Though Trayvon’s parents did not will his son to be a sacrificial lamb or martyr (nor would any parent of their lamb), they took the risk to release their son into the world; an innocent who went into the world alone was returned to them in a body bag. However, his life and death harnessed and galvanized an insurrection and reflection bigger than himself.
But I/we as parents must be and remain brave and bold.
My infant son’s favorite position is being perched on my shoulders. There, he steadies himself, hands and forearms braced against my shoulders. His routine is first to peer over my shoulders, then emboldened, begins his ritual of incessantly searching out the world around him. Rapidly rotating from side to side, his eyes and head venture then fixate. Venture, and then fixate. Quickly that shoulder’s geography becomes a bore, and like a rock climber ambitiously leaping to a new rock, so does he. I catch and cradle his search, support his navigation, lest he lose balance and fall from pursuing and practicing his ambition.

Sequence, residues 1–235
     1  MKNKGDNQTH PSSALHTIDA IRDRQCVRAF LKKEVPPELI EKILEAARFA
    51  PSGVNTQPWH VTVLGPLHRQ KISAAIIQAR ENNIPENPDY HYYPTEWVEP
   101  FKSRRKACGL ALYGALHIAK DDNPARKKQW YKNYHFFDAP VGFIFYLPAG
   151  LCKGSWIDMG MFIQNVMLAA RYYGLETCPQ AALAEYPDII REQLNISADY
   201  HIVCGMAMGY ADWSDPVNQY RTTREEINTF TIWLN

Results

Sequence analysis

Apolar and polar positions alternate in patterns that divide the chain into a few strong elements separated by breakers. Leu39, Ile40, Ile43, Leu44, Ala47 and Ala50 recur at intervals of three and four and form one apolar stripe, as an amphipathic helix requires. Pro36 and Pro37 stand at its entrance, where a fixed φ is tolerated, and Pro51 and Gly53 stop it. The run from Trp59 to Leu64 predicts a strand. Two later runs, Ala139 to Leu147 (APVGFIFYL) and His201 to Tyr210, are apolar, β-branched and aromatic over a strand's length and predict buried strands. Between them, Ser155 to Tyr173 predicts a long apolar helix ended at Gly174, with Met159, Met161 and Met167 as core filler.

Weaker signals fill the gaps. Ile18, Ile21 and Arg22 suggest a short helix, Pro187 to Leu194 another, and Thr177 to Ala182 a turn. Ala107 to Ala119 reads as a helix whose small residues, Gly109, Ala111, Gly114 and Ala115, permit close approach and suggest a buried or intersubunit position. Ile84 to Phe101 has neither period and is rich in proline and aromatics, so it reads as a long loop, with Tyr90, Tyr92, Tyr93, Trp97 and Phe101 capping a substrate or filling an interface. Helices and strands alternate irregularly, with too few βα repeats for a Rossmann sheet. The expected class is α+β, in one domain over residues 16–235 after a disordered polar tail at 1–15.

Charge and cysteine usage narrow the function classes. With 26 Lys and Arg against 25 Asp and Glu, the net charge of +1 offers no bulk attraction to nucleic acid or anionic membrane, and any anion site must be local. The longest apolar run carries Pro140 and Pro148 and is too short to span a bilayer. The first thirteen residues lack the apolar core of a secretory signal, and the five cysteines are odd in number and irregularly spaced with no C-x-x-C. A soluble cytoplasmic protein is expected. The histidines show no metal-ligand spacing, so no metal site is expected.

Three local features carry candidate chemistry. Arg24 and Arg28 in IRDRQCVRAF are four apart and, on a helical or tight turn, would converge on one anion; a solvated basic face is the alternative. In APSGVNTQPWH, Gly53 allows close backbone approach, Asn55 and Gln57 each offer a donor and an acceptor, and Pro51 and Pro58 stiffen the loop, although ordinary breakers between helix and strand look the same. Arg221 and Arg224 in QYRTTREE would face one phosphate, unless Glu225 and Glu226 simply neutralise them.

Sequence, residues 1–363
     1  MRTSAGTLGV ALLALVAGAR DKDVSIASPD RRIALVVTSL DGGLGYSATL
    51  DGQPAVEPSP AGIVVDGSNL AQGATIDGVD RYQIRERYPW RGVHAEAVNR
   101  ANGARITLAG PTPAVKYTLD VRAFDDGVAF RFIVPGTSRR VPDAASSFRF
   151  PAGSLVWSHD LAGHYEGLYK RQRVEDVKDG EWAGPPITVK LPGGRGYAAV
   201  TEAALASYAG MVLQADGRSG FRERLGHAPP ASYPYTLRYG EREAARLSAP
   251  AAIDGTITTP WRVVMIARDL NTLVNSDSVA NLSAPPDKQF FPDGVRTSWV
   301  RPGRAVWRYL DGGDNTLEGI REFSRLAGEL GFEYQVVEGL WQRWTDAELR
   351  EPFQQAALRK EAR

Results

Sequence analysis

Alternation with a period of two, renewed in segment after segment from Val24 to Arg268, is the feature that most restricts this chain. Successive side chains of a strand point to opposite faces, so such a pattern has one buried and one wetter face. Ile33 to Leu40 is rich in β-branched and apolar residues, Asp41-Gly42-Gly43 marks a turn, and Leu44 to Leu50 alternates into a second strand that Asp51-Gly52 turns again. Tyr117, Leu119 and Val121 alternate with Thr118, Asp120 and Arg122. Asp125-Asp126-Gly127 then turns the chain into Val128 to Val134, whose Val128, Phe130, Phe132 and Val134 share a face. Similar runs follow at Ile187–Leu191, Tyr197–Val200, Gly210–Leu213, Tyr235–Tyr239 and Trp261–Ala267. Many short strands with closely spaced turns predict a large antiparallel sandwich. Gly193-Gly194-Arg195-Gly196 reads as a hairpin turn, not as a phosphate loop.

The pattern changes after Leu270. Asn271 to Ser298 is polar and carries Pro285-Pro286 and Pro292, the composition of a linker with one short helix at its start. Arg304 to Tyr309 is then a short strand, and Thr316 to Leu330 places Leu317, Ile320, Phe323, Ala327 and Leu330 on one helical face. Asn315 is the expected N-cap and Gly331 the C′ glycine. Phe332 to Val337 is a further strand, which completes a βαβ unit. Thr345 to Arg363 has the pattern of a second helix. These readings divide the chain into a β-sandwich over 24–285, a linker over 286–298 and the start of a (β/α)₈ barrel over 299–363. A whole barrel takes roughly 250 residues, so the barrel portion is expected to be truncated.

But this is the point. Instinctively, he trusts (and ideally all children trust in their guardians) I will support his ambitions and protect him in his pursuit of them. Though in these recent weeks I feel intimidated by the possible taking of my son’s life by others armed myopia, faith reminds me that the most selfish thing I can now do is cage my son. It is important to teach him what Jesse Washington dubs “the Black Code” of conduct (1) when having to deal with law enforcement representatives and in situations that challenge his life, but he was not born or purposed solely to fulfill his or anyone else’s fear. I would be less than a parent to teach him to cage himself because of the cowardice and inner conflict harbored and festering in others. He trusts me that while in my arms and upon my shoulders I will bolster his investigations of the world, and support him venturing into it.
The second post I wrote on March 19th is my ideal, my illustration, of how I am trying to raise my son.
After playing on our alphabet playmat, my son in exhaustion drifts to sleep. Resting his head on my thigh, he found his comfortable spot and relaxed. Both of us breathing heavy. Him as he descends into deep sleep. Me as I descend in thinking about Trayvon Martin.
Will he grow from “native son” to “invisible man” (pun intended on Wright’s and Ellison’s seminal works)? Are sons and statistics interchangeable? Synonymous?
I am thinking on the world in which my son is born into, and what we will need to do to steel, strengthen, prepare and guard him. And also what we will need to instill in his imagination as chords for an (ideally) melodic world he will have to create.
And I wonder what fellow parents raising sons are wondering too . . .